One or more burglars smashed windows and glass display cases and stole multiple historic items from during a break-in reported Aug. 3.
According to Fairfax County police, an employee was checking on the house, located at 6918 Harrison Lane near the main entrance to Huntley Meadows Park, and discovered the damage. Police believe forced entry was made through a rear door.
Fairfax County Park Authority spokeswoman Judy Pedersen said the burglar or burglars stole items including antique glass marbles, an old ceramic doorknob with a swirled round glaze and an early-20th-century dish with green decorations. A shutterdog — an S-shaped piece of iron used to hold open a shutter — was also taken.
Some of the home’s glass windows, which stemmed from the early 19th century, were also smashed, and some shutters were damaged. Pedersen said park staff has not determined the monetary value of the items damaged or stolen.
“It’s not that there’s significant monetary value in any of those items, but those items had significant historic value to the property,” Pedersen said. “They were original to the property, and they were irreplaceable in terms of discerning the lives of the people who lived there before. That’s what we used for the stories, and even though they seem like relatively trivial pieces, it does threaten our chances to tell that story. It’s very disappointing.”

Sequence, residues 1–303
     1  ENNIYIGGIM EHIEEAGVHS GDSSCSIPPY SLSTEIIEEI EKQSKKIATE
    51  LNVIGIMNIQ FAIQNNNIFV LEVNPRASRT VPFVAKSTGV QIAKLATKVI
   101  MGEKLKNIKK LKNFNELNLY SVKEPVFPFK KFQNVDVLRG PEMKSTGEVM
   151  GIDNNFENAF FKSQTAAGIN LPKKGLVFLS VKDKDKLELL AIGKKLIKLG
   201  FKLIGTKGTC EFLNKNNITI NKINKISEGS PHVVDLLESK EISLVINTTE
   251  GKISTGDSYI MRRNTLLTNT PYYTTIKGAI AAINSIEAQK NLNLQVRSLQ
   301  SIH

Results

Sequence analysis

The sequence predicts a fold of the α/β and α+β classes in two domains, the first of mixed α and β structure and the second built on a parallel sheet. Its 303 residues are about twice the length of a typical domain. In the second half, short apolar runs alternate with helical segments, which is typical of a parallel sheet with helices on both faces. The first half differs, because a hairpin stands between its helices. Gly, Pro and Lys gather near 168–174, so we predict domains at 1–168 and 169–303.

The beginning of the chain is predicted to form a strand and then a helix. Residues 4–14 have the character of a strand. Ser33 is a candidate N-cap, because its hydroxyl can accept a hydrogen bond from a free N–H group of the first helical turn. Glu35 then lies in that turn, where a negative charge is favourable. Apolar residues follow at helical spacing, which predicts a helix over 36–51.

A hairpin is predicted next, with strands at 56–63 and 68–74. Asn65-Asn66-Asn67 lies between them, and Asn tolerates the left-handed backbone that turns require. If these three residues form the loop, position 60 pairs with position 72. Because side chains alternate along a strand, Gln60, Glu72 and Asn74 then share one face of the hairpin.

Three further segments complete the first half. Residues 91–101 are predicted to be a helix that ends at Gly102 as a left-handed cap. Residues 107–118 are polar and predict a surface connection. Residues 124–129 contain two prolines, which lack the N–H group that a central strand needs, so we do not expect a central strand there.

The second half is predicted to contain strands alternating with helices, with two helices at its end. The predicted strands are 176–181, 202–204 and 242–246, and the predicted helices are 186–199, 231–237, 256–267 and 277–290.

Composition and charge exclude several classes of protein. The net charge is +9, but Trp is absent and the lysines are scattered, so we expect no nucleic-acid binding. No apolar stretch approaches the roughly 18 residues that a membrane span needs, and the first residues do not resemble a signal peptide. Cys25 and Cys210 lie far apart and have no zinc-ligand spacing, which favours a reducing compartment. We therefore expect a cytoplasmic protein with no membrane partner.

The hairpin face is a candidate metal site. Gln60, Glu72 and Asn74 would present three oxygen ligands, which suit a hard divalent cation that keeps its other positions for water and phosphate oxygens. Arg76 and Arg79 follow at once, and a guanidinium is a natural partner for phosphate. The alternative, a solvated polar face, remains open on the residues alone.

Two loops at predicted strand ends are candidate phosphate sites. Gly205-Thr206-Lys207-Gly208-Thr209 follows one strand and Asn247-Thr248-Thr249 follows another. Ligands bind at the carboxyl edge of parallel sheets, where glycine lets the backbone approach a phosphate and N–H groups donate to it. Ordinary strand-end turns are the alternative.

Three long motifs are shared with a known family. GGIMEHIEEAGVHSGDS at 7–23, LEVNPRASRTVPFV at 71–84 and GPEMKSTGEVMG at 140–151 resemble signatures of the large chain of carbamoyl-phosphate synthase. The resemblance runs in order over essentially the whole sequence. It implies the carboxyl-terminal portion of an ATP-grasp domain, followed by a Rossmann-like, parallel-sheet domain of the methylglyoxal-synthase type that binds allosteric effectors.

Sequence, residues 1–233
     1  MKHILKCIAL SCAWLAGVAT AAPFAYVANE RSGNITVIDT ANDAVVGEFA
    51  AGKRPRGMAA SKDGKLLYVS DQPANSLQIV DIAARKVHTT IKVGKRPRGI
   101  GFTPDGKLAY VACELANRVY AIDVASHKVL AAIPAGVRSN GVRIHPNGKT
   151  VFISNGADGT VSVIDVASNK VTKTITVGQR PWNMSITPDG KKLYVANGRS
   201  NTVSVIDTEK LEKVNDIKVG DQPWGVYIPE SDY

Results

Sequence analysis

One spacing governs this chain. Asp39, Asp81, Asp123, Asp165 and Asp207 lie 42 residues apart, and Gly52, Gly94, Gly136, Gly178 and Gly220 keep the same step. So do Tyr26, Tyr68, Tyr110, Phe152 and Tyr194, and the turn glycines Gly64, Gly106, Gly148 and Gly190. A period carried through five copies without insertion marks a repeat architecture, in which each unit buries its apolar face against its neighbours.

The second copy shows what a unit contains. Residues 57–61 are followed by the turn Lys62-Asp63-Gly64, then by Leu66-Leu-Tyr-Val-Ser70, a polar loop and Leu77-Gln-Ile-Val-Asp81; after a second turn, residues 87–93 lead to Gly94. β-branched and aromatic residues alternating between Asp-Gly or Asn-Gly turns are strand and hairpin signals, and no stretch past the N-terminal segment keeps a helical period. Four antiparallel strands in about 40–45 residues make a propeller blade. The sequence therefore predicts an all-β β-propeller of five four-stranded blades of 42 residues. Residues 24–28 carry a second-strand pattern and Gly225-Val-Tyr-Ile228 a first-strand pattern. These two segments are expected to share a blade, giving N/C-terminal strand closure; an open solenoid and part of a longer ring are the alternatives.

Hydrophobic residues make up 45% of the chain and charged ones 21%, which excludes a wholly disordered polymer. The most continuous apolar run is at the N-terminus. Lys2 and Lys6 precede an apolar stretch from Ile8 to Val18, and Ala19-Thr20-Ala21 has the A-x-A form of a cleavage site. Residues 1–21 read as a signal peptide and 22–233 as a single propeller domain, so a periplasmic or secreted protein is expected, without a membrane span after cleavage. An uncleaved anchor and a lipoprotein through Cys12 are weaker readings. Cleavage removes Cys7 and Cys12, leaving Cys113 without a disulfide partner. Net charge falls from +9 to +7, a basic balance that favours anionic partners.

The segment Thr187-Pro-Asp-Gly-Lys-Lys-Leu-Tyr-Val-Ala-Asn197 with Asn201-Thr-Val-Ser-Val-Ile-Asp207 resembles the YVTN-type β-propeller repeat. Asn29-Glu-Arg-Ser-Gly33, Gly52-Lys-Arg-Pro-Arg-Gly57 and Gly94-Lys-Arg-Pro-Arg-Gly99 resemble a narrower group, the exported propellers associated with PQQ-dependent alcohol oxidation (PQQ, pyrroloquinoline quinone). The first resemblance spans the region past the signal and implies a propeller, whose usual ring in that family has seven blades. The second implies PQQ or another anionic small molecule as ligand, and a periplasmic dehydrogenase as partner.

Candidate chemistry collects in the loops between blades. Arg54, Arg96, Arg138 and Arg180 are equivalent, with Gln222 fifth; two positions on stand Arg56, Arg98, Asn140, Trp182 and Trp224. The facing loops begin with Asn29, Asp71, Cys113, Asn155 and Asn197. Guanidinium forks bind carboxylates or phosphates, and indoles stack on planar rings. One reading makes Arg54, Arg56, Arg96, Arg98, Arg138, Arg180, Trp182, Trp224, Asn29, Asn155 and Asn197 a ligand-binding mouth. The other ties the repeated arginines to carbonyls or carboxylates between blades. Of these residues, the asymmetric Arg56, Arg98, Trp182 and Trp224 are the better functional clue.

After years of preparation, the site opened to the public in May. Park volunteers and archaeologists had worked together to collect the historic items. Not all of the items were stolen, Pedersen noted.
Pedersen said park staff are working with police on the investigation and always looking for ways to improve security.
“It may just seem like a random minor act of vandalism, but really, you’re stealing from everyone in the community,” Pedersen said. “And it’s very hard for us to replace these things.”
Fairfax County police officer Greg Kottemann with the Mount Vernon District Station said the investigation into the burglary was ongoing. He did not have any further information.
Historic Huntley was built in the 19th century for Thomson Francis Mason, a grandson of George Mason. It is on the National Register of Historic Places, the Virginia Landmarks Register and the Fairfax County Inventory of Historic Sites.
Over the years, the house was used as a summer retreat, an encampment for troops of the 3rd Michigan infantry during the Civil War and as a farm.
The site remains open to the public. Tours are available from 10 a.m. to 3 p.m. every Saturday.